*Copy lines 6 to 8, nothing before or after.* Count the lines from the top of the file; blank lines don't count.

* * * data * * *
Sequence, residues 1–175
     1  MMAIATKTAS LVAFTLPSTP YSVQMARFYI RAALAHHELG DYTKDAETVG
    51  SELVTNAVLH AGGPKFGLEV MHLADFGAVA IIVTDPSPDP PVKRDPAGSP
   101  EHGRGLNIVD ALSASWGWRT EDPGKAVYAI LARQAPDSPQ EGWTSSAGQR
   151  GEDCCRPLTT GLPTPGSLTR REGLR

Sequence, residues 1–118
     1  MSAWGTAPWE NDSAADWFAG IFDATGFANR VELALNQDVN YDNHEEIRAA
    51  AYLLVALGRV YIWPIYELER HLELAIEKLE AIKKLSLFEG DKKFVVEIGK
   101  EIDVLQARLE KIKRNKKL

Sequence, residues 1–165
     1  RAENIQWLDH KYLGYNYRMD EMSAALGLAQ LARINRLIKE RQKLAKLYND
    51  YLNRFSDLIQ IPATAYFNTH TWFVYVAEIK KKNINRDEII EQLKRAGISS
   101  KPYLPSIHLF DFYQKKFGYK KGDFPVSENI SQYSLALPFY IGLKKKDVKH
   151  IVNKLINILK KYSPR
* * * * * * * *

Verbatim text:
Sequence, residues 1–118
     1  MSAWGTAPWE NDSAADWFAG IFDATGFANR VELALNQDVN YDNHEEIRAA
    51  AYLLVALGRV YIWPIYELER HLELAIEKLE AIKKLSLFEG DKKFVVEIGK